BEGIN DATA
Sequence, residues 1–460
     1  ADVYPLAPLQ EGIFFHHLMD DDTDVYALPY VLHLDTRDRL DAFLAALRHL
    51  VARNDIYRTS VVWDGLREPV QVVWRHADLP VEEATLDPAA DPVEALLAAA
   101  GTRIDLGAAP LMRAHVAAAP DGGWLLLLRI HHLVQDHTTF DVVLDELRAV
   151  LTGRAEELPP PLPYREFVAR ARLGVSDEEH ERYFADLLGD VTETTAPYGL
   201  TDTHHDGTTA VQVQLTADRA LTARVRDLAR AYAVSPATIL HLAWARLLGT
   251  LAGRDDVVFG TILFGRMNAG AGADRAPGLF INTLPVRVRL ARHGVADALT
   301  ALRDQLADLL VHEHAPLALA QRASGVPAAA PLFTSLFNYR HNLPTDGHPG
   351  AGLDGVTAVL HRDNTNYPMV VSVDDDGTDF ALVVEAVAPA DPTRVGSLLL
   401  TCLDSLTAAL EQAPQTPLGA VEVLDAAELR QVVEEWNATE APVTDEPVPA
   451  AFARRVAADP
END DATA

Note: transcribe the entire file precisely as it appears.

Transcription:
Sequence, residues 1–460
     1  ADVYPLAPLQ EGIFFHHLMD DDTDVYALPY VLHLDTRDRL DAFLAALRHL
    51  VARNDIYRTS VVWDGLREPV QVVWRHADLP VEEATLDPAA DPVEALLAAA
   101  GTRIDLGAAP LMRAHVAAAP DGGWLLLLRI HHLVQDHTTF DVVLDELRAV
   151  LTGRAEELPP PLPYREFVAR ARLGVSDEEH ERYFADLLGD VTETTAPYGL
   201  TDTHHDGTTA VQVQLTADRA LTARVRDLAR AYAVSPATIL HLAWARLLGT
   251  LAGRDDVVFG TILFGRMNAG AGADRAPGLF INTLPVRVRL ARHGVADALT
   301  ALRDQLADLL VHEHAPLALA QRASGVPAAA PLFTSLFNYR HNLPTDGHPG
   351  AGLDGVTAVL HRDNTNYPMV VSVDDDGTDF ALVVEAVAPA DPTRVGSLLL
   401  TCLDSLTAAL EQAPQTPLGA VEVLDAAELR QVVEEWNATE APVTDEPVPA
   451  AFARRVAADP